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February 1997

Pulse Intravenous Cyclophosphamide for Treatment of Autoimmune Blistering Disease: Is There an Advantage Over Oral Routes?

Author Affiliations

Division of Dermatology Philadelphia VA Hospital and Department of Dermatology University of Pennsylvania Medical Center 3600 Spruce St, 2 Rhodes Pavilion Philadelphia, PA 19104-4283

Arch Dermatol. 1997;133(2):229-230. doi:10.1001/archderm.1997.03890380101016

CYCLOPHOSPHAMIDE IS an alkylating agent that suppresses the number and function of T and B lymphocytes, thereby reducing autoantibody production.1,2 The use of cyclophosphamide in dermatology is reserved for potentially life-threatening and therapeutically resistant diseases, such as pemphigus vulgaris and cicatricial pemphigoid, as well as severe forms of systemic lupus, systemic necrotizing vasculitis, Still disease, Behçet disease, multicentric reticulohistiocytosis, relapsing polychondritis, and pyoderma gangrenosum.3-5 The well-known toxic effects associated with cyclophosphamide use, including infections, cancer, and premature ovarian failure, make the decision to use the drug difficult. Generally, cyclophosphamide is used only after therapeutic failure of glucocorticoids, often in combination with less toxic immunosuppressives. In the case of cicatricial pemphigoid, permanent blindness and the relatively unresponsive nature of ocular or mucosal forms of the disease to glucocorticoids and other immunosuppressive drugs make the early use of cyclophosphamide a therapeutic necessity for many patients.4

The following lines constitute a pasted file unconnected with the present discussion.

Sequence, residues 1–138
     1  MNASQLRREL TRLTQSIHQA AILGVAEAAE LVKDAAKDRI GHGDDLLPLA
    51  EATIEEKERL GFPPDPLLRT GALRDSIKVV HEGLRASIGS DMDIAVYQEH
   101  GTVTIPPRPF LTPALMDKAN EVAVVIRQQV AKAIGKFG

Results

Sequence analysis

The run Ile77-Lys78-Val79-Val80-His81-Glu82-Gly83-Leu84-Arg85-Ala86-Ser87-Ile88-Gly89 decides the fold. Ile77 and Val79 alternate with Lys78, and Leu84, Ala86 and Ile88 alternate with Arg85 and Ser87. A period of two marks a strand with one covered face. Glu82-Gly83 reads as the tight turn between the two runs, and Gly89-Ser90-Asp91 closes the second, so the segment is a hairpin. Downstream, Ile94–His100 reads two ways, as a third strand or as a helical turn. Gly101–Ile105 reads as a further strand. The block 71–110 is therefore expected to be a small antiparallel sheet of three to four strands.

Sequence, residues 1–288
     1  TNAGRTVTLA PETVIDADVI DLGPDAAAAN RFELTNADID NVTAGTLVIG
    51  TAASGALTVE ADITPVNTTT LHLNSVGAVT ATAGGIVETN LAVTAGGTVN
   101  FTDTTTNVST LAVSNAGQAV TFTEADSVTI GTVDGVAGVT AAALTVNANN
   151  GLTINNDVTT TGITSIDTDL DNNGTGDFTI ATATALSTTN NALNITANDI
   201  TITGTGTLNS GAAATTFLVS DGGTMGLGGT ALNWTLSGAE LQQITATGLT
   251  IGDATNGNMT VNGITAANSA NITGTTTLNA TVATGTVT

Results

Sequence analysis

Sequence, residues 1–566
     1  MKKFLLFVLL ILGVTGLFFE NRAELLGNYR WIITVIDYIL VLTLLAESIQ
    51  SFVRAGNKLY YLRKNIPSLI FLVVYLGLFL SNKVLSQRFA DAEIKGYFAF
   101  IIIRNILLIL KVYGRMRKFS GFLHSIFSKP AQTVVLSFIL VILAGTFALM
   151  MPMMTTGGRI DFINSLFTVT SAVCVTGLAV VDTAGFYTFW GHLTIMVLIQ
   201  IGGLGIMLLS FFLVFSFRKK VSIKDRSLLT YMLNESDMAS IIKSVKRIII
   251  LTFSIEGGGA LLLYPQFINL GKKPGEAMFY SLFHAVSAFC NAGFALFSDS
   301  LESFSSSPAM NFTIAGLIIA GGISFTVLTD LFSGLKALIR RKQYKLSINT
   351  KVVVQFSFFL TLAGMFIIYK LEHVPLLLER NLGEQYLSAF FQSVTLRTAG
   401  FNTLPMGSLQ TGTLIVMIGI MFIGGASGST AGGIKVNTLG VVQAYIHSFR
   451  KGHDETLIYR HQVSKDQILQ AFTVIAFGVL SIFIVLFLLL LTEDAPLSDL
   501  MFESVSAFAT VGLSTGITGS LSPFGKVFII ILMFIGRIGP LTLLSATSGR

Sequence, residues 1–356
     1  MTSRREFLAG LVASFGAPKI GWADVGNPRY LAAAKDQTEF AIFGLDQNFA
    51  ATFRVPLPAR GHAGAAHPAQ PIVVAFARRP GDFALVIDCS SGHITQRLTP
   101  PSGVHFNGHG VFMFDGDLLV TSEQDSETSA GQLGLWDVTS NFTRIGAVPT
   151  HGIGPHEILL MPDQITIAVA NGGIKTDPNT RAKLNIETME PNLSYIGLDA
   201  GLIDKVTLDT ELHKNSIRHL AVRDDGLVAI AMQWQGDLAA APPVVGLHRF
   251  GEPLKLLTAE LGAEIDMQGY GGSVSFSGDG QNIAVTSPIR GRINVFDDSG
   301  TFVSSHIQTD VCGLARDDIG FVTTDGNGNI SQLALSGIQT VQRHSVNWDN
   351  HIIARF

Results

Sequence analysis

Currently, there are 2 widely used methods for administering cyclophosphamide: daily oral administration vs intravenous injection once a month or less often

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